And there’s sort of like this
tension with the salesperson maybe.
And that’s why I like this next question that you ask.
And I don’t think I’ve ever been asked this question, and that is, “how
can I best match your urgency?”. I love that.
That’s so cool.
This is one again that I this is one I’ve collected.
I heard this from a great seller at Tableau, but it really does help.
It’s very much a win win
because I usually use this at the end of a first or second call
where I would say, Hey, you know, Chip, it’s been great to talk with you today.
Generally, there’s about three reasons why people, why CMO’s
would join a call like this.
One, They’re just looking at new tools.
They want to understand what’s out there.
They’re in education mode.
Two is they have a big problem that they need to solve
and they were hoping that something we do might help solve that problem.
And the third thing is they’ve got something that
it’s a problem, it’s not yet a priority.
It’s they’re going to be looking at something in the next 12, 18 months.
I’m curious where you put yourself on that spectrum.
And I’m asking because I never want to be the one to chase anything.
I’m not going to try to blow up your inbox.
If you’re in education mode, that’s just fine.
When we give people an out to be like, I’m
just looking right, like, that’s hugely helpful.
And if we have truly an executive buyer and they need to get something done
and they have a feeling you can help,
they’re going to tell you this is my top priority for Q2,
we have to get this done because of X, Y, and Z.
But when we give them multiple choice, we allow them to opt in or out,
and then everyone like I just am the big fan of being transparent.
And if we’re transparent, the more likely the buyer will be as well.
Yeah, makes sense
and you can definitely feel disrespected as a buyer if it feels like you’re being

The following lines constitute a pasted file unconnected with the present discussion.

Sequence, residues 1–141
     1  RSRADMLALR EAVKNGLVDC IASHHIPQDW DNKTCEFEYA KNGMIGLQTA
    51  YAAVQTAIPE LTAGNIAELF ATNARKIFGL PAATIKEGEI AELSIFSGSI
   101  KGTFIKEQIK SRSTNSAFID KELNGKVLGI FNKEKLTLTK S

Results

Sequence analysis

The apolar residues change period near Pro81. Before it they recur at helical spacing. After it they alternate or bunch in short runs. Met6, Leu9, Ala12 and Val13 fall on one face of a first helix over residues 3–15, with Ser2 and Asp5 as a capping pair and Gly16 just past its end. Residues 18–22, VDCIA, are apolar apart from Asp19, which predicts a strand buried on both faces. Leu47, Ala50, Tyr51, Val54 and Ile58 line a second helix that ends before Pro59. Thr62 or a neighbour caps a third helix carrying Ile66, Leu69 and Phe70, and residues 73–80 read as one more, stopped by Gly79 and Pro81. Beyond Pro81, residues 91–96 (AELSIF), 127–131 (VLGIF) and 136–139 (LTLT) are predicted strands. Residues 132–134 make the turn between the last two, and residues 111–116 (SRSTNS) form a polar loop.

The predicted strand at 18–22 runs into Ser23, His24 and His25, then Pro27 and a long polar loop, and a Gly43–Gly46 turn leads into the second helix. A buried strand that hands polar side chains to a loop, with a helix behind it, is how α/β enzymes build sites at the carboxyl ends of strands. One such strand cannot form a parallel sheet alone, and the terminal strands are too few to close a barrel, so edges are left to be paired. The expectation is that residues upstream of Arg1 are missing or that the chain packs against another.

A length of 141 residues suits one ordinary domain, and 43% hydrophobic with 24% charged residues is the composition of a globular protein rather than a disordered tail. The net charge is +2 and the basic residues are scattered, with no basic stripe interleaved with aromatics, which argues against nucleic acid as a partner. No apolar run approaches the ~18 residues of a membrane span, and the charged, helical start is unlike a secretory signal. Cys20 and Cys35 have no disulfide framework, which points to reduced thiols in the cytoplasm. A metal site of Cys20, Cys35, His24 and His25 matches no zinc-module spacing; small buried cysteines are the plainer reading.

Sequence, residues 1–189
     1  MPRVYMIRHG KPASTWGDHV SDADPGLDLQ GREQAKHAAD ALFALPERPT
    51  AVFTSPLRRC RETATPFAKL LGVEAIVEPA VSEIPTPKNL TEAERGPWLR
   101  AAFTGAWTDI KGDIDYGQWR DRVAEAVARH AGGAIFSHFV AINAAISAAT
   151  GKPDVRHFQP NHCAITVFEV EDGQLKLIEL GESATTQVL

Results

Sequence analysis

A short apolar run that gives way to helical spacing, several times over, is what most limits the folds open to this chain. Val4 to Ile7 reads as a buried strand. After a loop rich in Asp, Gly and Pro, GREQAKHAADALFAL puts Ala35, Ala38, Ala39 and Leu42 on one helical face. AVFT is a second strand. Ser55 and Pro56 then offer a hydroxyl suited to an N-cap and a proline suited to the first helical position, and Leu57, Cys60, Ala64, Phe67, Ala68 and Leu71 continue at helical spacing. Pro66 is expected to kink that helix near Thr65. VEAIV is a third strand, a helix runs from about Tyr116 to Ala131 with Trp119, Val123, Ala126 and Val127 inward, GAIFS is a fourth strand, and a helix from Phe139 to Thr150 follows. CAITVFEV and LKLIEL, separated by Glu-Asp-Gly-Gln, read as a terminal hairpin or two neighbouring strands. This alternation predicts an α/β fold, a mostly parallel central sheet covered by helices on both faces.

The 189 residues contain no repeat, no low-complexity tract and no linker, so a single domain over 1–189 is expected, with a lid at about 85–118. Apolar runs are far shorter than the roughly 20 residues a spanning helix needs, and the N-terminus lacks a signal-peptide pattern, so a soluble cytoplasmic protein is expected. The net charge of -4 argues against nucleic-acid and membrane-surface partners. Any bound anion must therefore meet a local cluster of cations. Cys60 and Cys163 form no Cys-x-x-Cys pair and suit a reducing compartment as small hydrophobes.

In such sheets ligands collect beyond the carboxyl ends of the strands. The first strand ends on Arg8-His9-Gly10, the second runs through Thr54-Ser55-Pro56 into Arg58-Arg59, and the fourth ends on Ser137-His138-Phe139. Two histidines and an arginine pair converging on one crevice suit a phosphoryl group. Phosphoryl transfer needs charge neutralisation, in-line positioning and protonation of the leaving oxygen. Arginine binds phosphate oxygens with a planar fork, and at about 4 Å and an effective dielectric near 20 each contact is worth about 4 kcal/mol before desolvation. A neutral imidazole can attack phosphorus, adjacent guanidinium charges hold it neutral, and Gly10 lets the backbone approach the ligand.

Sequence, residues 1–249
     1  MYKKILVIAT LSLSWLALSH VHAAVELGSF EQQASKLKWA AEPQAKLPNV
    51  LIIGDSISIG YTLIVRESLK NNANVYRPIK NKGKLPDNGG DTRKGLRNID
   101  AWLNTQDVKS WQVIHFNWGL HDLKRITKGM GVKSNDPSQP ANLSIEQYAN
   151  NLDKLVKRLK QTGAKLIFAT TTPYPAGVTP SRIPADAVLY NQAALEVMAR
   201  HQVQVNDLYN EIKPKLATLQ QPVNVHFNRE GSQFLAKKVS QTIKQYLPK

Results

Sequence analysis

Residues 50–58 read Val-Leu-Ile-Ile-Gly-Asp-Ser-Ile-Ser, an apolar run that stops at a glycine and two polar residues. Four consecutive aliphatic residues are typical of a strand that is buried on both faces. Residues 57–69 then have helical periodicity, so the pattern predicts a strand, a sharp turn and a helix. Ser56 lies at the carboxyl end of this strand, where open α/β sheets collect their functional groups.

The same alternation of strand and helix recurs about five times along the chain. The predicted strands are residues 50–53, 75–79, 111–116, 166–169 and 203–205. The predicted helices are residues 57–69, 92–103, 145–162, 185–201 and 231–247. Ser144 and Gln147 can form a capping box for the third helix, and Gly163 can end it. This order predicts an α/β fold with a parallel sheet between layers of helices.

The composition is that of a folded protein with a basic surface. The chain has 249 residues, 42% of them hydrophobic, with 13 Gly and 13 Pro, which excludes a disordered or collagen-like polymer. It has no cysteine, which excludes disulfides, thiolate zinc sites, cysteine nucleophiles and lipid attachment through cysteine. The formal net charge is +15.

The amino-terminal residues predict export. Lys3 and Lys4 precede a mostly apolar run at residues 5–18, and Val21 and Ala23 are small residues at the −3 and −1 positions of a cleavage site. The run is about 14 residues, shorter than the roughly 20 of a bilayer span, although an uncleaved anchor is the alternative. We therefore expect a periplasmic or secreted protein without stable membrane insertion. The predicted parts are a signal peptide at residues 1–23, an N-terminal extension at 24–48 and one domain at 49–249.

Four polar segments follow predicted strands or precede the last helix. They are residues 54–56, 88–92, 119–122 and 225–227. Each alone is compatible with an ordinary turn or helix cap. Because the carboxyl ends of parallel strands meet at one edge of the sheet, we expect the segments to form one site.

rushed into a decision.
And so I think that that sort of disarms the buyer.
That’s why I like it so much.
It’s interesting that you’ve never been asked.
I think that’s I think that’s sad.
But I also think reps get,. I think reps get happy ears, right?
Because if you like what I’m showing you, that’s
not the same as saying it’s the thing that’s the most important to me.
And I’m also never a huge fan of when I’ve heard people say,
timeline is an excuse or whatever, that’s I find that to be utter BS.
Like there are ten fires, 12 fires that executive is dealing with.
The top three are what they’re doing right now.
But that doesn’t mean that the other ones aren’t going to be dealt with.
And I think I’m always a fan of the long game in sales.
Like if you tell me it’s going to be a priority six, nine months from now,
I’m going to work to provide insight to you, to stay,
to add value, to stay on top of your radar until the time that you’re ready.
Because I believe, hopefully,
I’ve given you an out to tell me if it’s not important.
And so you say it is important, but just a few months from now,
I’m going to honor that and I’m going to work to show you
a good buying experience as we move along your timeline.
Yeah, I love that because,. I mean, if you’re working with me
on my timeline and, you know, okay, maybe it’s not the top priority,
but it’s number four or five or six
and you’ve now moved from salesperson
to consultant who is helping you solve a problem, which is great.
So Krysten, I love this discussion,
all the way from a teacher to a sales trainer extraordinaire.
And so where can our listeners get
a copy of your nine discovery questions?
Yeah, if they head over to my website, which is just
they can sign up right at the top and it’ll shoot that right over to them
and if they find me on LinkedIn there’s a link to my website from there too.
So lots of ways to find me.
Thank you so much for having me.
I’ve loved this discussion.
It was so great.
Krysten, thank you so much for joining us.
And thanks to all of you for tuning in to this episode of Closing Time.
And we’ll see you next time.